Rio Battles Entrenched Crime Prior To Olympics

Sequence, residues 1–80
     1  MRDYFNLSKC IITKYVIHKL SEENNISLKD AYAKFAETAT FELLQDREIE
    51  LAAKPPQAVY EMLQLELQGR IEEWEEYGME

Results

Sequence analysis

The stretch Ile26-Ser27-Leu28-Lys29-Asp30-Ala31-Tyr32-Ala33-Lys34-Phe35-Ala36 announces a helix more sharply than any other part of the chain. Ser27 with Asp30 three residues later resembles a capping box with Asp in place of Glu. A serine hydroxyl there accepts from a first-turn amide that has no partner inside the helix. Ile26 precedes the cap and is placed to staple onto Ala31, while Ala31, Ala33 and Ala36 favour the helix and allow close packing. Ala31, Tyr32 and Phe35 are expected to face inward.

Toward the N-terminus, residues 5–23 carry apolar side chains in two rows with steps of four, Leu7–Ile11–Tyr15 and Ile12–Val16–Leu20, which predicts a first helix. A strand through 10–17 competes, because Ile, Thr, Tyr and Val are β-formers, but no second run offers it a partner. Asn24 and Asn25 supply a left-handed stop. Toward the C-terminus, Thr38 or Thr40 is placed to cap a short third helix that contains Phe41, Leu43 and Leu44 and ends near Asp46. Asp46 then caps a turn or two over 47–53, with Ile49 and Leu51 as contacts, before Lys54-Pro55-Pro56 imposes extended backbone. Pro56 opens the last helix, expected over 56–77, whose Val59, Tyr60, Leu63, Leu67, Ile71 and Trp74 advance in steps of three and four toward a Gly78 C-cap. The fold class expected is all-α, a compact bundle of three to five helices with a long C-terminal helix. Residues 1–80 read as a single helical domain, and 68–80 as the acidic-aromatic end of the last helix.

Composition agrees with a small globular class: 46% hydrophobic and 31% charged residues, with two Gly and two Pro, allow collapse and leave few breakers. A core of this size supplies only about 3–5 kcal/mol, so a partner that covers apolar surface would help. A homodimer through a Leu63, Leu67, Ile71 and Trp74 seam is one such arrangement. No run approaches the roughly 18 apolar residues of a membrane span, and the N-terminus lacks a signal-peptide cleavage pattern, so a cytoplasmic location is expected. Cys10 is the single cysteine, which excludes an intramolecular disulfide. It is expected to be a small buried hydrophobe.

By Dialogo October 27, 2009They go by names like "Scooby" and "Big Baby" but carry the best weapons money can buy, are accused of torturing cops and even managed to shoot down a police helicopter. They are drug dealers who hold court deep inside most of Rio de Janeiro's 1,000 slums, surrounded by foot soldiers carrying Belgian-made assault rifles, Israeli pistols, grenades, anti-aircraft weapons and endless rounds of ammunition. The criminals drew international attention this week following bloody shootouts that left more than 40 people dead, just days after Rio was awarded the 2016 Olympic Games. Authorities have pledged to crack down harder than ever on the criminals to ensure safety for the Olympics — while assuring the rest of the world that the violence is actually restricted to small areas of this seaside city of 6 million people, famed for its raucous Carnival and gorgeous beaches. "There have always been those mini-regions in Rio de Janeiro where drug traffickers dominate," said Rio state Public Safety Director Jose Beltrame. Beltrame concedes, however that those "mini-regions" can be found in slums dotting every corner of Rio, rich and poor. Ask any of the 2 million slum dwellers — taxi drivers, businessmen, housewives, barbers, and police officers — whose lives are dominated by drug chieftains and violent militias, and they will tell you that defeating the criminals is formidable, if not impossible. "The police are playing a game they have already lost," said vegetable seller Roberto Lima, tending his small stand at the base of the Tabajaras slum in Copacabana, where a heavy police patrol came through the day before. "They have to make their efforts, we understand. But they are working outside the reality that they don't control this place." Lima's remarks reflect the fatalistic attitude pervading nearly every conversation about controlling crime in Rio. The statistics show why: In 2008, there were 5,717 homicides in Rio state, the vast majority in Rio de Janeiro's metropolitan area. In comparison, Vancouver, Canada, which will host the 2010 Winter Olympics, had a total of 58 slayings last year. Viva Rio, a Brazilian organization that aims to rid the city of arms, recently released a report stating that criminals in Brazil have three times as many weapons as police. Beltrame describes the difficulty of confronting the criminals on their own turf: "When we enter a slum ... where they have their stockpile of weapons and ammunition," the criminals are "defending their territory and reacting against police as if it were a war." Brazilian newspapers this week published several photos of masked gunmen, proudly displaying their assault rifles in broad daylight while standing atop hillside slums, seemingly daring authorities to take them on. This week's shootouts were yet another episode in an ever-repeating cycle of violence: About 150 members of the Red Command drug gang in northern Rio invaded the Monkey Hill slum controlled by rivals before dawn last Saturday. Intense gunfire ensued and police responded as they had many times before, in helicopters that hovered over the scene while fellow officers battled criminals on the ground below. But this time, for the first time, one of those helicopters was shot down, crash-landing in flames in a football field and killing three officers — just one mile (two kilometers) from the Maracana stadium, where the Olympics' opening and closing ceremonies and the 2014 World Cup final will be held. In the days since, more than 2,000 officers have responded, invading more than a dozen slums in search of those responsible. Meanwhile, the bodies keep piling up: Two men were found shot to death Friday, their corpses left in a homemade cart, while four other bodies were found nearby. Earlier this week, a slum dweller delivered two dead men to a hospital in his van, telling police that traffickers ordered him to. Authorities pledge to ramp up their actions against the tens of thousands of drug gang members who they say present the biggest obstacle to the city's peace and tranquility. "We're going to smother these traffickers and give them no breathing room," police Col. Marcus Jardim told reporters this week. "We're going in with rifles in hand. Society wants answers. We're going to hunt down these criminals." Taxi driver Alexandre Baldi, who lives near a slum in Rio's center, has his doubts. "It's a war without end," he said. "The police can't occupy every slum." Beltrame hopes the latest violence — erupting as it did when the city was under the Olympic spotlight — will galvanize Brazil's leaders to aggressively tackle crime and "look for a solution that is definitive, visible, palatable and concrete to deliver to society." The federal government responded earlier this week with a promise of $55 million in new funding for Rio police and a new, bullet-resistant helicopter. But if the words of a Red Command drug gang leader are to be believed, that will not be nearly enough to tackle a problem with social and political implications that extend beyond the scope of law enforcement. "The government has totally abandoned these areas," the 26-year-old leader told The Associated Press earlier this year as he stood on a dirt street populated by hundreds of shacks and polluted by open sewers. The leader spoke on condition of anonymity because he didn't want to draw attention from police. "There is no flag here — the authorities are simply not present," said the gang member, who had two 9 mm pistols tucked into the waistband of his shorts. "The entire policing policy is inverted," added Camilla Ribeiro, with Global Justice, a human rights group in Rio. "Before searching for a solution using armed police, the state has to create economic alternatives, invest in education and health." Tim Cahill, a Brazil researcher for Amnesty International, said that some new community-policing programs that include increased spending on education and health show promise, but they are the exception rather than the rule, and there will not be lasting peace in the city without major policy shifts. "We still see large-scale operations ... still see the same mentality of conflict rather than the provision of security," he said. "If there is to be a long-term fundamental change on the ground there has to be a change in this mentality." Police have faced harsh criticism from human rights activists and the United Nations, which last year issued a report stating that law enforcement officers are responsible for three deaths each day in Rio. But Beltrame said few understand the reality his forces confront. He said while his officers follow a globally recognized order in enforcing public security — prevention, protection, reaction — "we have to deal with something few others face — armed combat with drug traffickers who are equipped with heavy weapons coming from abroad." "That is a unique attribute our police deal with."